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Electrophysiological evidence for rod and cone-based vision in the nocturnal flying squirrel

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Summary

The flying squirrel (Glaucomys volans) is a strongly nocturnal rodent. Previous anatomical observations suggested that the retina of this animal contains some cone-like receptors in addition to large numbers of rods. Evidence for duplicity of function in this visual system was obtained from an examination of three indices of visual activity: the electroretinogram (ERG), the isolated PIII retinal response, and the visually evoked cortical potential (VECP). The spectral sensitivity of the dark-adapted flying squirrel is similar to that of other mammals — it has a 500 nm peak (Figs. 3, 8). Responses of the ERG and isolated PIII to flickering light indicate the operation of two processes (Figs. 4, 7), one of which is unable to follow flickering light at repetition rates above 10–15 Hz. Spectral sensitivity measurements reveal that these two processes have different spectral sensitivities. The photopic mechanism in the flying squirrel visual system has peak sensitivity at about 520 nm (Figs. 5, 7, 9). The effects of steady light adaptation are much more obvious in the cortical potentials than they are in the retinal potentials.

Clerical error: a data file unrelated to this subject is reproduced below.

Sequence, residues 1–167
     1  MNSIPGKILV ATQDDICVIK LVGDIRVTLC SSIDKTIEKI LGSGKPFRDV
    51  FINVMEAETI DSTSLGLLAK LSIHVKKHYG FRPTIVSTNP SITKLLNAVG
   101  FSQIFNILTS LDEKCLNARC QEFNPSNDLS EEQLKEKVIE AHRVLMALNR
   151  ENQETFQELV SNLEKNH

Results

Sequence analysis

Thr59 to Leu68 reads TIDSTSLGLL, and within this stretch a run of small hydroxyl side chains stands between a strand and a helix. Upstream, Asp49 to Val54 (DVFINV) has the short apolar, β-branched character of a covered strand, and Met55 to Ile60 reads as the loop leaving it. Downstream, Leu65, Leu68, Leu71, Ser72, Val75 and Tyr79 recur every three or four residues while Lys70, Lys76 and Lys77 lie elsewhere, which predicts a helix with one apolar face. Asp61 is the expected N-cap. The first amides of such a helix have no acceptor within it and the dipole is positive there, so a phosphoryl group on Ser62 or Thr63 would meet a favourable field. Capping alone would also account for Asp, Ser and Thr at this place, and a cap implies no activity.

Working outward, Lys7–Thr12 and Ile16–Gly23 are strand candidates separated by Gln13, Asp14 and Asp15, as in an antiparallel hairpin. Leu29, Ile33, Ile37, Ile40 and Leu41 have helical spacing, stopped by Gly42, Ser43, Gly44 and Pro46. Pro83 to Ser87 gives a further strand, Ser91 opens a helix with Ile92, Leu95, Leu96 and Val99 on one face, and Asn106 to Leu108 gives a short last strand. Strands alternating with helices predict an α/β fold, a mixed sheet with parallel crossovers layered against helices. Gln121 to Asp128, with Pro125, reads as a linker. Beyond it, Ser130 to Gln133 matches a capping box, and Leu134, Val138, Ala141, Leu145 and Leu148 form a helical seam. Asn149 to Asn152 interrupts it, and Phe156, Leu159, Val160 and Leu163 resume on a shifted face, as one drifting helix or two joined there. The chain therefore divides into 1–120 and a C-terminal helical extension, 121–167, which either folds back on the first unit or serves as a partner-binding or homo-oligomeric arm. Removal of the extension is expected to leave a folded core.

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We thank David Birch for his advice and assistance. This research was supported by a Grant from the National Eye Institute (EY-00105).

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Jacobs, G.H., Silverman, M.S. Electrophysiological evidence for rod and cone-based vision in the nocturnal flying squirrel. J. Comp. Physiol. 109, 1–16 (1976). https://doi.org/10.1007/BF00663431

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